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Getting Active in their Leisure-time helped Middle-Age Adults have Lower Levels of Inflammatory Markers

Tue, 14 Aug 2012 04:16:08 +0000

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(Best Syndication News) - A study found that middle-aged adults who kept active on a regular basis during their leisure-time had better protection for the heart than those who remained inactive. The research was published in the American Heart Association’s journal Circulation.

The researchers investigated over 4,200 study participants with an average age of 49 to determine if leisure-time physical activities provided benefits to keeping a heart healthy. The leisure-time activities included brisk walking, vigorous gardening, cycling, sports, housework, and home maintenance.

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Scientists suggest RDA of Vitamin C should be doubled to Reduce Disease Risk

Tue, 17 Jul 2012 06:22:12 +0000

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(Best Syndication News) - The US recommended daily allowance (RDA) of vitamin C should be increased to 200 milligrams per day for adults, scientists from the Linus Pauling Institute at Oregon State University suggests. The current RDA for vitamin C for women is 75 milligrams and 90 milligrams for men. The scientists from the institute put forward that an increase in the RDA could reduce heart disease, stroke, and cancer. The call for the higher intake of vitamin C was published in Critical Reviews in Food Science and Nutrition.

Balz Frei, a professor and director of the Linus Pauling Institute at Oregon State University, said that some clinical trials were essentially imperfect. Of course, the Linus Pauling Institute has long been recommending vitamin C for improving health.

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Losing Weight can improve Low Testosterone Levels in Men

Wed, 27 Jun 2012 04:58:08 +0000

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(Best Syndication News) - A study found that overweight men could improve their low testosterone levels by losing extra weight and exercising more. The men in the study were middle age, overweight, and had pre-diabetes. The results were presented this week at The Endrocrine Society’s 94th Annual Meeting in Houston, Texas.

Study co-author Frances Hayes, MD, professor at St. Vincent's University Hospital, Dublin, said that doctors should try to support men in their efforts to lose weight before prescribing testosterone therapy to restore low levels of the hormone.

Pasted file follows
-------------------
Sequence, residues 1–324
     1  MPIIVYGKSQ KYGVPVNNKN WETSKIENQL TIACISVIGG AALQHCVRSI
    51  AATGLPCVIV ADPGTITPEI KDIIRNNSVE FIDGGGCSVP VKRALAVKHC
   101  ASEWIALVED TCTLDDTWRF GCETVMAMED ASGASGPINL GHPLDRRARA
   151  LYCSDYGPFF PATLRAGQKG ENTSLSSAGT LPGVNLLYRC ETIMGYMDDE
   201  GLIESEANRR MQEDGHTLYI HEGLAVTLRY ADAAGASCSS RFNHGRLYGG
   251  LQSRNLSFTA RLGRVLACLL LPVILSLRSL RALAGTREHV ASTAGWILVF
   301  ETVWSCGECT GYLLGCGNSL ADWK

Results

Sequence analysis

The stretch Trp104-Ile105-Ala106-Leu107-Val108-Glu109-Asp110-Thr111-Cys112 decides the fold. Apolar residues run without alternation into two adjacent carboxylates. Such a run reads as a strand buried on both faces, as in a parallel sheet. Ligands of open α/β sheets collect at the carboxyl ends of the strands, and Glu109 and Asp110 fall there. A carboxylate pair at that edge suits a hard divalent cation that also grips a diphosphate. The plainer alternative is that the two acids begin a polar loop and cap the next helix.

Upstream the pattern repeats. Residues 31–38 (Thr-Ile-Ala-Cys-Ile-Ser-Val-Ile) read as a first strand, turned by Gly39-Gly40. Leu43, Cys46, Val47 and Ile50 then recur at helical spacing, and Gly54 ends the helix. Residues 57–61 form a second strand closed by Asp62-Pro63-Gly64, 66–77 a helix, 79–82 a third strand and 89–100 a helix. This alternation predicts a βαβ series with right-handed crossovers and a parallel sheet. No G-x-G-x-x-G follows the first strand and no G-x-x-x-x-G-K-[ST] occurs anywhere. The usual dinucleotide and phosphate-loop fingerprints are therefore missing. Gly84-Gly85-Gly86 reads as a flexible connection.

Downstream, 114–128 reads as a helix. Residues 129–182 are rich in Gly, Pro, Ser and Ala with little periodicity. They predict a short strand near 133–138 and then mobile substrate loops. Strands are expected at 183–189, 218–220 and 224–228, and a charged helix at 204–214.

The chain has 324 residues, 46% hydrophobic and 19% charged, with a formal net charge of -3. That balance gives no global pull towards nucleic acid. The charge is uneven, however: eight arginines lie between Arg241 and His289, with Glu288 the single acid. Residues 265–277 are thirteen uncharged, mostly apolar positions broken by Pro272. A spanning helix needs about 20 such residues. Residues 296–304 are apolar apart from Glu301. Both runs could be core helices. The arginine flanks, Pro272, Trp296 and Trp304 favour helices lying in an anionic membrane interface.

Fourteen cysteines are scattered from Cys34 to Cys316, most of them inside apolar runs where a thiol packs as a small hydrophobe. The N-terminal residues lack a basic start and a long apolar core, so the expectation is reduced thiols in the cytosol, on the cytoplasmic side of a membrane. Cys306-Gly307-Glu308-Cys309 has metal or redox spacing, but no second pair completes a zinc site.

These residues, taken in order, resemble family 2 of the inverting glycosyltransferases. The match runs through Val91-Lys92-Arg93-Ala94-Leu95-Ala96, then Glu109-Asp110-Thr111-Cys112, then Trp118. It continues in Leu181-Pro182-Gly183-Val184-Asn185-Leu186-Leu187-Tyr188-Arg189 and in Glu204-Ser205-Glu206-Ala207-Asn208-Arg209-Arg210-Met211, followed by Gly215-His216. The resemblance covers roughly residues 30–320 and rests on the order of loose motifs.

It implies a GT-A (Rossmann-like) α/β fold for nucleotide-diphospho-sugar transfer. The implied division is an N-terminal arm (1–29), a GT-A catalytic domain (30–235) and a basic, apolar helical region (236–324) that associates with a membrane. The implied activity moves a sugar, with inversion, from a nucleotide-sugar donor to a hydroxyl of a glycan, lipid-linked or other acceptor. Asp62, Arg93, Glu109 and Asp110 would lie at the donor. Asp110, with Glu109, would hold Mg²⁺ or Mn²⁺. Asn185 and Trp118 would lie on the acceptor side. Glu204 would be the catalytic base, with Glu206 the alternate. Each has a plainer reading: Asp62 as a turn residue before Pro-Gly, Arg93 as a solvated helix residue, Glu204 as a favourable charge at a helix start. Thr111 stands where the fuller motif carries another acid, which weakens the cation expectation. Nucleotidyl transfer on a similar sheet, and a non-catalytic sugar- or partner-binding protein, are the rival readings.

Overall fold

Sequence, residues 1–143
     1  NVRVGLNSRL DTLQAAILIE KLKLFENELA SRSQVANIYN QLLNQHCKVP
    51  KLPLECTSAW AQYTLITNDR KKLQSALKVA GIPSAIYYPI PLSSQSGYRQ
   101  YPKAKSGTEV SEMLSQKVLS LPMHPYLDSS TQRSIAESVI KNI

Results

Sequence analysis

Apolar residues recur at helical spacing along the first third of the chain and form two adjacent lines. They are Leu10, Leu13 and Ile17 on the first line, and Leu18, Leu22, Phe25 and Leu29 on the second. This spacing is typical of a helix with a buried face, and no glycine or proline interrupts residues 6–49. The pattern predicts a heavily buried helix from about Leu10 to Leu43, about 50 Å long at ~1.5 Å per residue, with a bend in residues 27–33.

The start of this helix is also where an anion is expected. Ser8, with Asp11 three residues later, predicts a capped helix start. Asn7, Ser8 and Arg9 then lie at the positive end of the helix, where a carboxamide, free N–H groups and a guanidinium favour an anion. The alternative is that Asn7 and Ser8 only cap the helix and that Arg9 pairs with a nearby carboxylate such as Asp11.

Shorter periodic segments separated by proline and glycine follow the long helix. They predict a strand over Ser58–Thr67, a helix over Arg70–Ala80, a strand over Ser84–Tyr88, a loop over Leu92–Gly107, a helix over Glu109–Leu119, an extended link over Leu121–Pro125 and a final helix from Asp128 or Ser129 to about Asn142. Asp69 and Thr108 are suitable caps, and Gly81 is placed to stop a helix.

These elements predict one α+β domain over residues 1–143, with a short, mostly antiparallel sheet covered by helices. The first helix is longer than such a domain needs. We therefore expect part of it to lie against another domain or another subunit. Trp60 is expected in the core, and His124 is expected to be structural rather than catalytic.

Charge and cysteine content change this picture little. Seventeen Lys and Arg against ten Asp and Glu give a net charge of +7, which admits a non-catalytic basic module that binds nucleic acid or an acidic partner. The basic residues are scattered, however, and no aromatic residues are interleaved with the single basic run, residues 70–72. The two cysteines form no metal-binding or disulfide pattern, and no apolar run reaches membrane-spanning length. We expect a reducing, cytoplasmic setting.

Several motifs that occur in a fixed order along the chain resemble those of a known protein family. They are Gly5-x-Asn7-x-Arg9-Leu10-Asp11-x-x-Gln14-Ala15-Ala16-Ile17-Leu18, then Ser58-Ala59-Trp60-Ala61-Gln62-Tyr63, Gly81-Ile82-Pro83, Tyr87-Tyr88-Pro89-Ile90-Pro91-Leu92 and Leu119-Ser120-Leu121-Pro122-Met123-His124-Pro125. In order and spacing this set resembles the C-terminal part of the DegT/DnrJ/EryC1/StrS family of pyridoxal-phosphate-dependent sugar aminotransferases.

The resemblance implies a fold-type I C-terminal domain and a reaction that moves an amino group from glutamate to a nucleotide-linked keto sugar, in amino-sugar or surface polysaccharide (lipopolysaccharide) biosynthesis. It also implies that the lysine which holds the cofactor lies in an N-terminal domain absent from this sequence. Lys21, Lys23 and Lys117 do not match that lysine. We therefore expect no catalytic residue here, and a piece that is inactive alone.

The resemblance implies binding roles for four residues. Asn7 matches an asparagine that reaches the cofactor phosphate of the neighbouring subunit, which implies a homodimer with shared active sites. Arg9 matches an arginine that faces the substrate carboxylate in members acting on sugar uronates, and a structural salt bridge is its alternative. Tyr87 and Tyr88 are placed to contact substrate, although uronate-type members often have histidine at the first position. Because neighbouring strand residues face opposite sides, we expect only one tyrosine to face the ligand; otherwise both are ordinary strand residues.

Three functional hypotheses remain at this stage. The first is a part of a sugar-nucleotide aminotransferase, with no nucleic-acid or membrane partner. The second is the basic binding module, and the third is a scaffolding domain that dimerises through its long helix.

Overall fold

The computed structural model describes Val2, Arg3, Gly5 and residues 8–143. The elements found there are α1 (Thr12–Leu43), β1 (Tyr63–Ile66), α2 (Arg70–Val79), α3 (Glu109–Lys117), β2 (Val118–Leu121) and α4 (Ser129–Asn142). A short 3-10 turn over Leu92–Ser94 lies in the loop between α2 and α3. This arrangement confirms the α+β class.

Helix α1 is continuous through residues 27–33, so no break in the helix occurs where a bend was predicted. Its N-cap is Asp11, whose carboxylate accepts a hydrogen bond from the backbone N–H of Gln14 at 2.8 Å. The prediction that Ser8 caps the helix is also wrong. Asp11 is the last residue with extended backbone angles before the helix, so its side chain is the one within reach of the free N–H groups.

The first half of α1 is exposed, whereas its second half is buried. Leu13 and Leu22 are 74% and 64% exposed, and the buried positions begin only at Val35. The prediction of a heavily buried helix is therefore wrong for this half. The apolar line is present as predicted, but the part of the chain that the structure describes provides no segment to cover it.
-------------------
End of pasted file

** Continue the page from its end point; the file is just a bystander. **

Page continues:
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Men with reduced DHEA Steroid Levels at a higher Risk for Heart Disease

Sat, 23 Jun 2012 23:06:23 +0000

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(Best Syndication News) - A study found that elderly men who had low levels of natural steroid hormones were at a higher chance for developing cardiovascular disease. The researchers presented their findings this Saturday at The Endocrine Society's 94th Annual Meeting, which is being held in Houston, Texas.

Dehydroephiandrosterone (DHEA) is the steroid that was studied. The hormone is secreted by the adrenal gland. DHEA-S, the sulfated form, floats through the blood and is converted in other tissues and is turned into estrogen and testosterone hormones.

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Eating Foods High in Vitamin D might reduce Stroke Risk in Japanese-American Men

Tue, 29 May 2012 02:29:54 +0000

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(Best Syndication News) - A 34-year study of Japanese-American men found an increased stroke risk later in life with those who did not eat a diet high in vitamin D. The study was published in Stroke, an American Heart Association journal.

The study’s lead author, Gotaro Kojima, M.D., said that eating foods high in vitamin D might be helpful for preventing strokes. Dr. Kojima is a geriatric medicine fellow from John A. Burns School of Medicine at the University of Hawaii in Honolulu.

Vitamin D interested researchers because of the possibility that it may help reduce the risk of diseases such as cancer and diabetes. Vitamin D has long been established as a necessary nutrient for preventing rickets in children and to help prevent bone loss in adults.

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Low Oxygen in Cells might spur Cancer Growth

Fri, 04 May 2012 05:08:39 +0000